3 Ways To Outsmart Hormones That Could Be Making You Hungry

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Playing How To Outsmart Hunger Hormones, According To Celeb Nutritionist Kelly LeVeque

Do you often find yourself feeling "hangry," even when you've just eaten? As it turns out, hormones could be the culprit!

Kelly LeVeque is a holistic nutritionist, wellness expert and author based in Los Angeles, CA. Her clients include major celebrities like Jessica Alba and Jennifer Garner

Kelly came on our show to talk about the three most common hormones that could be making you feel hungry. She explains how they function and what you can do to make sure they're working for you, not against you.

1. The Hunger Hormone, a.k.a. Ghrelin

How It Works

Ghrelin is released when the stomach is empty and stops when the stomach is stretched, Kelly explains. 

"Once we put food in our stomach and the lining of the stomach stretches, it stops being produced, so that hunger hormone shuts down," she says.

Ghrelin is highest before eating and the lowest an hour after eating. However, depending on the type of food you're eating, the hunger hormone may or may not actually shut off when it should.

In fact, studies show a correlation between altered ghrelin levels and obesity.

What You Can Do

The nutritionist suggests avoiding processed foods, white carbohydrates, sugar and especially liquid sugar (like sodas and other sugary drinks), because they don't actually stretch the stomach lining. 

"It's not going to turn [the hunger hormone] off in the same way that fiber-rich foods do, because fiber-rich foods add weight to your stomach and actually cause that stretch," Kelly says.

You want to eat foods like chia, flaxseed, acacia fiber, non-starchy vegetables like cauliflower and broccoli, vegetables full of water like cucumber and asparagus and nuts like almonds or cashews.

"Nuts are the best, because they come with protein, fat and fiber," the nutritionist continues.

2. The Full Hormone, a.k.a. Glucagon-Like Peptide-1

How It Works

Glucagon-Like Peptide-1, or GLP-1, is the hormone that makes you feel full. It's produced and released when food moves from your stomach into your small intestine, to tell your brain you're full. 

Certain kinds of foods cause inflammation that can lower the effectiveness of the full hormone. High-fructose corn syrup and artificial trans fats, which are often found in processed foods, are both inflammatory.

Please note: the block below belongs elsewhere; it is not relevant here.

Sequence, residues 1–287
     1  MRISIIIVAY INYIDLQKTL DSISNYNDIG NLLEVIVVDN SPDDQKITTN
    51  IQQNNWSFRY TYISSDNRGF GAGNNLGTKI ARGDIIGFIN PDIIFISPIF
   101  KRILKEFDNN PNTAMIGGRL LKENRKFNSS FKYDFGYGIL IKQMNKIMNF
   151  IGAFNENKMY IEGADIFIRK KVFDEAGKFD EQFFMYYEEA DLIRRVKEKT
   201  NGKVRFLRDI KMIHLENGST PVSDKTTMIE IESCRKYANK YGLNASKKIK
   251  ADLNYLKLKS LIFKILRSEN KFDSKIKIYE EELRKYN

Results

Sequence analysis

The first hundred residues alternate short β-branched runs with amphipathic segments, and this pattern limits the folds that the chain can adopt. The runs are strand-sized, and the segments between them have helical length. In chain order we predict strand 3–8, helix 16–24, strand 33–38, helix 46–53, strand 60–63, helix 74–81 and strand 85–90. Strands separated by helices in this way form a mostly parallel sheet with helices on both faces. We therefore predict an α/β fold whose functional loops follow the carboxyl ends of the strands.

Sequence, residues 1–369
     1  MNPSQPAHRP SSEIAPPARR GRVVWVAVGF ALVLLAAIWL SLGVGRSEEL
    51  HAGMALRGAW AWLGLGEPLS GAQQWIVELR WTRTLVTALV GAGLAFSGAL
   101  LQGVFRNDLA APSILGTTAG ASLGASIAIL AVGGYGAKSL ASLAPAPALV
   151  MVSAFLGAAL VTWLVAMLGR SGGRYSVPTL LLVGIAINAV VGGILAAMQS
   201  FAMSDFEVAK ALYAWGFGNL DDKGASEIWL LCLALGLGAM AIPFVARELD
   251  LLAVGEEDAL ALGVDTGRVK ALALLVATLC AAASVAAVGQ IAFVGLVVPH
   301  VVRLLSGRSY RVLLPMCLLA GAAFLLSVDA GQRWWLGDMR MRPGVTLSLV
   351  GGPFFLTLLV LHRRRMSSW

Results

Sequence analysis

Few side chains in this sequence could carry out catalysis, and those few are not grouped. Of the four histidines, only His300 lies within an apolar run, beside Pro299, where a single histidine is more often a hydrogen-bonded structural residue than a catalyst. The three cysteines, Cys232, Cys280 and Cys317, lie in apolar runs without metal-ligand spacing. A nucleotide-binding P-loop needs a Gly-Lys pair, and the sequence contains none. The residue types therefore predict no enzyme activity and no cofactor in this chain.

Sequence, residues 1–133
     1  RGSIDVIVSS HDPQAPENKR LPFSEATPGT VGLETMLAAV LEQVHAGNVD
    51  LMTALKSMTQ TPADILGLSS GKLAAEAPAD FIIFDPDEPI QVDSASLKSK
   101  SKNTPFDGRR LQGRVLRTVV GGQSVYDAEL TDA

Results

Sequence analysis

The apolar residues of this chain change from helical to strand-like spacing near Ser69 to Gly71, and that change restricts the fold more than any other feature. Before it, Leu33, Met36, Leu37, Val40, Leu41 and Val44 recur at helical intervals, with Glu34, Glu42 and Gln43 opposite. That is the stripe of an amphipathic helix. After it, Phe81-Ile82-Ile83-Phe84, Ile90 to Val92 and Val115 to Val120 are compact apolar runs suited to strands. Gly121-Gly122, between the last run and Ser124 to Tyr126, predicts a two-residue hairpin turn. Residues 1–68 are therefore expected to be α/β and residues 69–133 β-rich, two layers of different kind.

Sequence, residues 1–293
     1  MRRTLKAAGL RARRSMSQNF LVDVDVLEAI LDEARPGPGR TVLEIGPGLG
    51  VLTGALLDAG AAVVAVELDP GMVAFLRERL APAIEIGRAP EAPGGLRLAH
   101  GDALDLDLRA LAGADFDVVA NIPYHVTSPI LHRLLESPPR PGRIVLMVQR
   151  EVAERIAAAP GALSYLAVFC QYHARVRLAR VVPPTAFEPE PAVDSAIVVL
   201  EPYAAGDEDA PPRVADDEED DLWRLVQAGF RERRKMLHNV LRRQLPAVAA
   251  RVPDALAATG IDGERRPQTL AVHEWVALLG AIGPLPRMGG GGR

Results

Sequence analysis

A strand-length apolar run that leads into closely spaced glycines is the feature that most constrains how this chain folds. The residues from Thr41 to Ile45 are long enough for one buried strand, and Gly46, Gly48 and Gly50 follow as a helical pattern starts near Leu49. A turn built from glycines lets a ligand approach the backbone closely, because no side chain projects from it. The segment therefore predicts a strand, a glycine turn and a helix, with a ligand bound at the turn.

"What's important is to make sure that signal is strong," Kelly says. "If you have chronic inflammation, that signal is not strong — actually GLP-1 is lowered."

What You Can Do

Kelly says you should avoid inflammatory foods — fried foods with bad oils and sugary desserts full of processed flours and sugar especially.

"A great way to reduce inflammation in your gut is to take a probiotic and eat what I call the 'fab 4' — protein, fat, fiber and greens," she explains.

The nutritionist has a quick breakfast recipe she developed for her on-the-go clients — a smoothie packed with real, anti-inflammatory foods. Get the recipe for her Anti-Inflammatory Spa Smoothie here!

3. The Stress Hormone, a.k.a. Cortisol

How It Works

Cortisol is a hormone that is released when your body senses stress. The brain triggers a feeling of wanting to eat, to give you that instant gratification of something that tastes good.

And although you can't necessarily control everyday stressors, you can control feeling full. And eating a balanced meal can help you stay away from stress-induced food cravings, according to Kelly.

RELATED: The Science Behind Being "Hangry": A Doc Explains What's Actually Going On In Your Body

What You Can Do

"The best thing to do is have three balanced meals. I always teach my clients to use their hands," she continues.

Here's a *handy* portion size guide that uses your hands to help determine the amount of protein, fat, fiber and greens you should be eating at each meal, three times a day.

Protein: You want 4-6 oz of protein at each meal — about the size and thickness of the palm of your hand.

Fat: You should eat 2 tablespoons of healthy fat, like avocado, which is about 1-2 thumbs.

Fiber + Greens: You should have at least 2-4 cups of fiber-rich vegetables and greens at every meal, such as leafy greens, cucumber or broccoli, Kelly says. That's 2-4 fists.

"You really want to stretch that stomach — it's rich in fiber, and fiber helps you balance your blood sugar."

Kelly's main tips are "definitely to eat the 'fab 4' and to make sure that you're getting enough so you stay full," she concludes.

Her second book, Body Love Every Day, will be available early next year — but you can get an advance inside look here.

RELATED: 5 Food Cures From Dr. Oz

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